But those stores have been hurting, thanks to competition from big-box stores like Target and Kohl’s, outlets like Nordstrom Rack and TJ Maxx, and online sites like Amazon. And when mall-based Sears or Macy’s go down, they can drag the other mall stores down with them.
Mall Stores Aren’t Keeping Up With Trends
What could be taking a toll on malls and the stores we associate with them is that they aren’t keeping up with trends. What we see doing well in lower price ranges are fast fashion companies like H&M, Forever 21, and Zara. And while these shops are often found in malls, they are exceptions that prove the rule.
Many mall-based brands — from Limited to Express to Gap — haven’t aced the same kind of fast fashion model that can help them jump on trends quickly. Case in point: Hollister only just realized that bralettes are a thing and relaunched its lingerie offshoot Gilly Hicks this week to compete with similar brands.
And Of Course, Online Shopping Has Ramifications
Fifty-one percent of shoppers are now making their purchases on the web, according to one survey. That’s a massive figure, and one that is
probably certainly definitely draining the lifeblood of malls. If you’re looking to shop at a certain store, it’s much easier to log onto its web page (or even log onto its Instagram) than to trek over to the mall. The temptation of free samples from Wetzel’s Pretzels will only get lazy shoppers so far. And while some stores are flourishing in the digital age, online shopping only has the capacity to save retailers — not entire malls.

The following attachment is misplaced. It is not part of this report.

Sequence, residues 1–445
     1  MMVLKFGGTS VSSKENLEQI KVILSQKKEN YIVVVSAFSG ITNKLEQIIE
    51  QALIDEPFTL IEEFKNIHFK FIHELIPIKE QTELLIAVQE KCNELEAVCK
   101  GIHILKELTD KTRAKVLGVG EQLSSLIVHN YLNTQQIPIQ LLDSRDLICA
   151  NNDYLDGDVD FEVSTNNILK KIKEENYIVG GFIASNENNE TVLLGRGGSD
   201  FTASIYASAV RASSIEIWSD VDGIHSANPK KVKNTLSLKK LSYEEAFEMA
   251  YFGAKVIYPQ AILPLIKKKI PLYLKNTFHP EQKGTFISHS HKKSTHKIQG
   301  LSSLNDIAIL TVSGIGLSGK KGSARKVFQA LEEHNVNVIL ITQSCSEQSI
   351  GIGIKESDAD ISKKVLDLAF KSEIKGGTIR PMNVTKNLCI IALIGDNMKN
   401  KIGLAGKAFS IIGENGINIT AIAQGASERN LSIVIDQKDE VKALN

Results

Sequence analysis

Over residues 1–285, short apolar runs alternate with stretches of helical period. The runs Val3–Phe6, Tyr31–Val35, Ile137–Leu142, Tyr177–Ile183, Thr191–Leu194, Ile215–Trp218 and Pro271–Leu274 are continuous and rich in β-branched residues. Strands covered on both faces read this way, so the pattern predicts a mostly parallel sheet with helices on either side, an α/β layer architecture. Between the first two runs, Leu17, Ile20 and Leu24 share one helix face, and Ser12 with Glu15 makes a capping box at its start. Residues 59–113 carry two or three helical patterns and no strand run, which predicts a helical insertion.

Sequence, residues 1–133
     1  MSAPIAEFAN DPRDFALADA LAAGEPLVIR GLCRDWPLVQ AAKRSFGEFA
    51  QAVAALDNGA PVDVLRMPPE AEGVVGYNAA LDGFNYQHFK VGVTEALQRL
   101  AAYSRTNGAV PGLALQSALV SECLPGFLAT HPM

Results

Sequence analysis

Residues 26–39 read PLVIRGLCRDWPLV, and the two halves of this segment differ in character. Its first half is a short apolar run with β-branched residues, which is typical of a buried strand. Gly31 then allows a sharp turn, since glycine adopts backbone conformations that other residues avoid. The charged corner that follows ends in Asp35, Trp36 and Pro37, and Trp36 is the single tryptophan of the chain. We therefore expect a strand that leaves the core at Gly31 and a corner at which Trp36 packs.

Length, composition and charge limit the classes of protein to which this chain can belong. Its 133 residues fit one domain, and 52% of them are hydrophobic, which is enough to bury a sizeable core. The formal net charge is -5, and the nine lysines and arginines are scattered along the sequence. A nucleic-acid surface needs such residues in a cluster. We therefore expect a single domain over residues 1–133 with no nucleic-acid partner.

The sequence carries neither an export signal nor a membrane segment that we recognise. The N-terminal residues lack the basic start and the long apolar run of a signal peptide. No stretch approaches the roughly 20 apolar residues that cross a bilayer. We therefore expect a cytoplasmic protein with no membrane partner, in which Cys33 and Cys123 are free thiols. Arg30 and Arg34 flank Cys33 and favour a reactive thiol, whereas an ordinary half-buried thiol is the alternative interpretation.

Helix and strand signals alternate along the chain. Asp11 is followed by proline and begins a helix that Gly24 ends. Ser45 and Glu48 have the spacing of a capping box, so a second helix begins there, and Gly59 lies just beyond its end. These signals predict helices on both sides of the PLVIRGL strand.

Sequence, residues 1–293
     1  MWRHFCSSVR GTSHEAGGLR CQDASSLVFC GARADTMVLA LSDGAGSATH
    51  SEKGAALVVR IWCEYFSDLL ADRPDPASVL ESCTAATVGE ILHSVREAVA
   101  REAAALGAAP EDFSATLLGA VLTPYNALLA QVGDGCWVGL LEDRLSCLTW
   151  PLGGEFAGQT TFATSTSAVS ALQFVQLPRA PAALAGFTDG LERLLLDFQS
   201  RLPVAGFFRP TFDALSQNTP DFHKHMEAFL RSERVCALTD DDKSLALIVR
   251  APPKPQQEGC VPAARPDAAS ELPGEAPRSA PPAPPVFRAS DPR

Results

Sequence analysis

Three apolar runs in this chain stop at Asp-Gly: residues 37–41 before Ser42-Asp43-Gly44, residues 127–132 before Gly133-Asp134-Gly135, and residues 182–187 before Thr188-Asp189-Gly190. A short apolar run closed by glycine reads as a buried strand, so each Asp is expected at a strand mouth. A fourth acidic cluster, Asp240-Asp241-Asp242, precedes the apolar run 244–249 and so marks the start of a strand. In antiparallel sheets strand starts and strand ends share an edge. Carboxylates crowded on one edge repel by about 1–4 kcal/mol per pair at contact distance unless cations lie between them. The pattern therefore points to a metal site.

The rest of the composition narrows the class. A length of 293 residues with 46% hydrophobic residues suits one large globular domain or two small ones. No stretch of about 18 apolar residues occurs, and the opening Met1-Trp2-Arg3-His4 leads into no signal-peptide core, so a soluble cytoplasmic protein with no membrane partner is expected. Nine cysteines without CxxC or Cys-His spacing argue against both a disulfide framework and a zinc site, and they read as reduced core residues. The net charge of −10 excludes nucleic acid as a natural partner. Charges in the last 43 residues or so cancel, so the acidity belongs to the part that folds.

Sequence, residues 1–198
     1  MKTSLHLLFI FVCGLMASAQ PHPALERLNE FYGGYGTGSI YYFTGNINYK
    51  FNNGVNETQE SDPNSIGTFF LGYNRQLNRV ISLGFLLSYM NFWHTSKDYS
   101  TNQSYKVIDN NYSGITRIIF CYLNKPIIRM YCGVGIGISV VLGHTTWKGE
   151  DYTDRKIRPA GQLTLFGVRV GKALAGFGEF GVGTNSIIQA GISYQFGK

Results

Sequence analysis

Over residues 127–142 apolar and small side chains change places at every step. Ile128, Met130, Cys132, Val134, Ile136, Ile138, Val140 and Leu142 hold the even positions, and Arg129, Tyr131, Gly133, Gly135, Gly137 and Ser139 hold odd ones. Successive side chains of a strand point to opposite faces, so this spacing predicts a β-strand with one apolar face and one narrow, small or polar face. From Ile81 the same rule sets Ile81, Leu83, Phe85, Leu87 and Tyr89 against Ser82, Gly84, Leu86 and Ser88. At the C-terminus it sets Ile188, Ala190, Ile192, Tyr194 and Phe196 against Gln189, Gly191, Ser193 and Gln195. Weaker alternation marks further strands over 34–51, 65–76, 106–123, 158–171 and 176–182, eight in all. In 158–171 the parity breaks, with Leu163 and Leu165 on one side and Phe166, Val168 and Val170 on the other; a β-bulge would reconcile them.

And Hey, Not ALL Malls Are Suffering
It’s really the non-luxury malls that are hurting. As Racked wrote last year, “The internet isn't killing malls — better malls are.” South Coast Plaza, a “luxury shopping experience” — or, in non-marketing language, a really nice mall — still has strong sales in the neighborhood of $2 billion annually.
Likewise, Jing Daily asks today if a luxury mall in China is the future of the industry. Not only does it offer upscale shops like South Coast Plaza does, but it also separates itself by standing for something, by having a brand in and of itself: The mall only sells Chinese brands, hoping to promote homegrown talent. Jing Daily reports that sales at the mall have doubled since its launch in 2011.
Could American malls do the same thing — offer only American brands — and make shopping at that location a point of pride? I don’t see why not.
It may not necessarily be that “mall” is a dirty word; it’s about what’s in the mall. South Coast Plaza’s roster of high-end brands — Saint Laurent, Burberry, Fendi, Dior, etc. — is much more appealing to consumers than a sorry collection of retailers running on the fumes of ‘90s-kid nostalgia.
No matter how you slice it, it’s looking like a downward slide for your local mall. As NPD Group chief industry analyst Marshal Cohen said recently, "mid-tier malls are going to need to step up their game" if they want to stay alive these days. "The food court won't be good enough.”